There have been many heroes throughout the course of American history, but ask a homeowner in the midst of a summer heatwave to name the greatest of them all and there can be only one answer: Willis Carrier, the inventor of the first modern air conditioner.
Carrier’s creation in 1902 changed the way we live. When the temperature soars to 90 degrees, we take comfort in knowing we can escape to our well-regulated caves, free from perspiration and, in many cases, summer allergies. While you may feel the comfortable indoor air while viewing a listing, it’s important to remember that there are still a lot of things that can go wrong with a cooling system—many of which require a trained professional to identify.
That’s why it’s critical for home-shoppers to hire another kind of hero—a certified home inspector, like those at A-Pro Home Inspection, to do a checkup of the building’s cooling system before buying. Since 1994, the team at A-Pro has performed tens of thousands of foundation-to-roof inspections which include a visual and operational (when possible) assessment of the cooling system and its accessible components.
Your home inspector will be looking at a range of issues that affect the lifespan and effectiveness of an air conditioning system or heat pump. Here are just a few:
Description of Energy Source: Is the cooling system run by 120V power, 240V power, or gas?
System Type: The inspector will note whether it’s an air-cooled or water-cooled central system, air-source heat pump, ground-source heat pump, water-source heat pump, air-cooled independent system, or evaporator cooler.
Manufacturer: What company made the system? What is the manufacture date, model number, serial number, and estimated remaining life of the equipment?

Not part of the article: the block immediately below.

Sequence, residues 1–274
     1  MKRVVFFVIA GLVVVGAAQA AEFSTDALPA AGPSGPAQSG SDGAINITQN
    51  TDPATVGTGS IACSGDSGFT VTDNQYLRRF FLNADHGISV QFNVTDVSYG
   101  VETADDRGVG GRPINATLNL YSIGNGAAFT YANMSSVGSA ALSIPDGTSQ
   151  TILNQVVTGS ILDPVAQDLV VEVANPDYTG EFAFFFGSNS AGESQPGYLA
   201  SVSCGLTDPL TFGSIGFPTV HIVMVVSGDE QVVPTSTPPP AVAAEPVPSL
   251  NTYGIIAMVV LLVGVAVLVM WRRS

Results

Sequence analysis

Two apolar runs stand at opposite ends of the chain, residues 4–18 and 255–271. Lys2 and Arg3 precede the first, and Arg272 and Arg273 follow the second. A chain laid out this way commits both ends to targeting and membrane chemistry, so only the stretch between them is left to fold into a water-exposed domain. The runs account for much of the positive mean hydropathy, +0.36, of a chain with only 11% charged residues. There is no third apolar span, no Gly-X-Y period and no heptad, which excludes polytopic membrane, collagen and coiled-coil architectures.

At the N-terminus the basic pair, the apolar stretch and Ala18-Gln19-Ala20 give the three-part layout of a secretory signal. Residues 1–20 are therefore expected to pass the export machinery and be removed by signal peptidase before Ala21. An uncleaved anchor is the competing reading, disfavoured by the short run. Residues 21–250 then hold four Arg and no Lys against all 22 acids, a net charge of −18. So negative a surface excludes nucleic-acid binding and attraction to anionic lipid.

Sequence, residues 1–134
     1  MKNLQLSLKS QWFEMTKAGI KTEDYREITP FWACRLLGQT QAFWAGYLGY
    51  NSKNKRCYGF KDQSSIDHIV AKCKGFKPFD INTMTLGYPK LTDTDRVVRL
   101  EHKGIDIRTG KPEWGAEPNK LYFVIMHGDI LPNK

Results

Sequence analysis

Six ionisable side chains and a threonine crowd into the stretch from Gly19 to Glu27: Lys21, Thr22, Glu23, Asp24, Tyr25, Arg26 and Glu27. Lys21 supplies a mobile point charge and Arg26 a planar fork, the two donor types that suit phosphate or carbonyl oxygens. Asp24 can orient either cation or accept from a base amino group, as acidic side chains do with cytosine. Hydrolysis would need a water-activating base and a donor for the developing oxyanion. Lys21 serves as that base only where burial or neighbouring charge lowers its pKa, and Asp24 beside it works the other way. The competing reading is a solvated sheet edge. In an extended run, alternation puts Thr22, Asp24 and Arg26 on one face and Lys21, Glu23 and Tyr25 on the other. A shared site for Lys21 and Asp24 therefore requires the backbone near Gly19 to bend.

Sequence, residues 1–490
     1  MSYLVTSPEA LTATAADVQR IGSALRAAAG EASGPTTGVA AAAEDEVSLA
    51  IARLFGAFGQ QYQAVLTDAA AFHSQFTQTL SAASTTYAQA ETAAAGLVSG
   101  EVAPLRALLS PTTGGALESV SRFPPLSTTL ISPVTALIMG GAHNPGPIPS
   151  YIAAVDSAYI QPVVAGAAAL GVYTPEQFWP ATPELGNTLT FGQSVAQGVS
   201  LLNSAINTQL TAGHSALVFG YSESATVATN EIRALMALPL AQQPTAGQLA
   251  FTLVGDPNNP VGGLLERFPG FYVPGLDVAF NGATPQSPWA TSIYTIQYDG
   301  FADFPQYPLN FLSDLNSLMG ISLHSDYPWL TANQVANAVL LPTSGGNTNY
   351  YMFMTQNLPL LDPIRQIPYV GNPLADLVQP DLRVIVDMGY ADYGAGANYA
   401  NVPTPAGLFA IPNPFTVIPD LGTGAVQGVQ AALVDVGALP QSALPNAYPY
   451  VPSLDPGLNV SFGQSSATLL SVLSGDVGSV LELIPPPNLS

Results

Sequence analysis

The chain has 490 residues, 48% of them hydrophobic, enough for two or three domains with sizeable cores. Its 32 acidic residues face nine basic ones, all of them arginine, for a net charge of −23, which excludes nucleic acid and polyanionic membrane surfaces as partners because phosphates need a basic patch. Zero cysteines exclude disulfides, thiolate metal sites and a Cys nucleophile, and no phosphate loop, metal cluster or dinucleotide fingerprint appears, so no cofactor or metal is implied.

System Performance: Does the system turn on? Does it show signs of neglect? Is there an excessive or insufficient change in temperature when operated? Is the air filter dirty? What is the condition of the refrigerant lines?
Checking Outside: Is the condenser/compressor not level or poorly attached? Are the fins damaged (e.g., bent or broken) or showing signs of premature aging? Are fins clogged with dirt and debris? Is the outdoor unit unusually noisy? Does it emit an odor? Is there excessive vegetation too close to the unit? Is the outside air-cooled A/C condenser far enough away from the house, deck, or porch to allow for sufficient airflow?
Checking Inside: Are components dirty and corroded? Does the condensate tray leak? Are there signs of prior condensate leakage? Is the condensate line blocked? Is the condensate discharge in an improper location? Is a condensate trap or drip pan needed? Does the condensate pump work? Is there water in the overflow pan? What is the condition of the auxiliary drain pan?
What about Cold Weather Inspections?
Your inspector will operate the cooling system unless it is determined that low ambient temperatures in the home may cause damage to equipment, or if the condition of the unit makes it unsafe to run. In this
case, the inspector will perform a visual inspection only. Further, inspectors are not required to inspect window units and electronic air filters or determine cooling system supply or balance.
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